Food supply and environmental conditions affect the growth rates of organisms, which in turn influence future survival and reproduction. A new study by researchers at the University of California, Santa Cruz, and the University of Glasgow shows how mathematical models can be used to characterize and quantify these effects.

"Over the last fifteen years, we have recognized that events early in the life of organisms, including people, can have great consequences for health in later life," said Marc Mangel, distinguished professor of applied mathematics and statistics in the Baskin School of Engineering at UCSC and senior author of the study, published in the journal American Naturalist.

The paper describes complex patterns of feeding, growth rates, and reproductive success in fish. First author Who-Seung Lee worked on the study as an associate specialist at UC Santa Cruz and a graduate student at the University of Glasgow. He is currently a postdoctoral researcher at the University of Quebec in Montreal.

The researchers investigated the optimal rates of growth under different environmental conditions for fish and other "cold-blooded" animals (known as ectotherms). In these animals, growth is sensitive to ambient temperature even when food is not limiting. Compensatory growth can make up for a period of slow growth early in life, resulting in normal adult size, but the costs of an accelerated growth rate can reduce fitness. Costs may include increased exposure to predators due to more active foraging behavior, as well as increased accumulation of biomolecular damage during periods of higher metabolic rates.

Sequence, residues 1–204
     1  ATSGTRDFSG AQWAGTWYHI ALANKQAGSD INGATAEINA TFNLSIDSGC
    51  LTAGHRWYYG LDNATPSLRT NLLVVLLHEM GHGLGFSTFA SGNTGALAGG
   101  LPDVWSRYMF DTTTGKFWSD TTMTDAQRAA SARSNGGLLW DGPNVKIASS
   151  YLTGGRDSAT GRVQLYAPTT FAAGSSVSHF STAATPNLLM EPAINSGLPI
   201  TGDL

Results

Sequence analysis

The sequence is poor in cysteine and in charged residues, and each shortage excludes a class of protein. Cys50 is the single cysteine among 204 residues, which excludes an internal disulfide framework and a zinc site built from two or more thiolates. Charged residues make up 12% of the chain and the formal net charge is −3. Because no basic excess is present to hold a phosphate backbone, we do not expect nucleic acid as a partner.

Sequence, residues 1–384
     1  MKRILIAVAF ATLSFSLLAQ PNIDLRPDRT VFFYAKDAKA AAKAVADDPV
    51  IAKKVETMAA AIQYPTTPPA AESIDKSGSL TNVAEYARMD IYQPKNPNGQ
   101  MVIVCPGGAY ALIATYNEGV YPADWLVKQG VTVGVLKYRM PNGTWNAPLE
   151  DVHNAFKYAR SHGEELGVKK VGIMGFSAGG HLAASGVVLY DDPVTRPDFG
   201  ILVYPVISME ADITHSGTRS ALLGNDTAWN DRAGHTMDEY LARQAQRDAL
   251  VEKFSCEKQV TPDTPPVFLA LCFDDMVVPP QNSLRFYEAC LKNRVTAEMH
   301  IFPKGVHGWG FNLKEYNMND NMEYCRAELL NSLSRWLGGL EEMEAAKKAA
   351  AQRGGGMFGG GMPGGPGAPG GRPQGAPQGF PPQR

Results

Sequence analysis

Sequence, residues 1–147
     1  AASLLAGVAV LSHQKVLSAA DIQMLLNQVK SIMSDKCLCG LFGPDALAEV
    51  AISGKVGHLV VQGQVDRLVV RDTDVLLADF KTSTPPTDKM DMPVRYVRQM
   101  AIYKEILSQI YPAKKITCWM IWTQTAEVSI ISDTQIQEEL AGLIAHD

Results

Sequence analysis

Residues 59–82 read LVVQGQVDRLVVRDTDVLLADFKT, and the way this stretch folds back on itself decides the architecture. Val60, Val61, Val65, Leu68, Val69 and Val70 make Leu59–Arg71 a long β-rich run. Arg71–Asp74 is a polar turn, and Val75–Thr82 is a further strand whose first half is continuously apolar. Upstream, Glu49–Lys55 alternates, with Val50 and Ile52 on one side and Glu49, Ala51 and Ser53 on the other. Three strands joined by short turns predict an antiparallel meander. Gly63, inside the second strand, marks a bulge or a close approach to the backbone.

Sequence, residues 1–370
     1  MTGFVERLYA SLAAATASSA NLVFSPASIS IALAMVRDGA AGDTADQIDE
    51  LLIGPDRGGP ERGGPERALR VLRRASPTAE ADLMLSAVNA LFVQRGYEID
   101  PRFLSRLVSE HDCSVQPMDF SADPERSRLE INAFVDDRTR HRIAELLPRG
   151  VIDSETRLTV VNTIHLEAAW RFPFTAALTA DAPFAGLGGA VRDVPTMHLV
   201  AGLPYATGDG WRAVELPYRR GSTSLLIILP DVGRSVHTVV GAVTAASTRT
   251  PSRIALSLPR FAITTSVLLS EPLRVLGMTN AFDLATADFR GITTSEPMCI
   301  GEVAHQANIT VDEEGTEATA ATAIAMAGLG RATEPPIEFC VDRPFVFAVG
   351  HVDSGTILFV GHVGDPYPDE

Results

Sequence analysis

"One expected consequence of climate change is that fish will experience growth conditions quite different from the ones in which they evolved. Our work suggests that even if it appears that a fish has 'caught up' when a period of poor growth is followed by one of good growth, there may be unforeseen consequences for its survival and reproduction, and our work provides a framework for assessing these consequences," said Mangel, who directs the Center for Stock Assessment Research (CSTAR), a collaboration between UCSC and NOAA Fisheries Service labs.

The researchers developed a range of life-history models of increasing complexity, with different scenarios for the trade-offs between early growth rate and accumulation of damage. They compared the predictions of the models with experimental results from three-spined sticklebacks induced by temperature manipulations to follow three different growth trajectories. The results showed that environmentally-induced alterations in the early growth pattern lead to a reduction in reproductive performance later in life. These reproductive effects appear to result from changes in the rate of accumulation of physiological damage.

The models and experiments also showed "negative compensatory growth" after an earlier period of higher temperature, with growth rates suppressed in comparison with animals that had been at a constant temperature. The decelerated growth had a positive effect, with both models and data showing that fish undergoing rapid growth early in life but suppressed growth in the lead-up to the breeding season would perform better than those growing steadily throughout their juvenile life.

This study shows that, despite the clear costs of impaired development in early life, life-history strategies can reduce these negative effects so as to maximize expected reproductive success. Thus, animal growth trajectories may take account of the long-term consequences of different growth rates, as well as the current ecological conditions.

This research was supported in part by the U.S. National Science Foundation. Lee's work with Mangel at UC Santa Cruz was funded by the University of Glasgow's Jim Gatheral Scholarship and a grant from the Glasgow Natural History Society.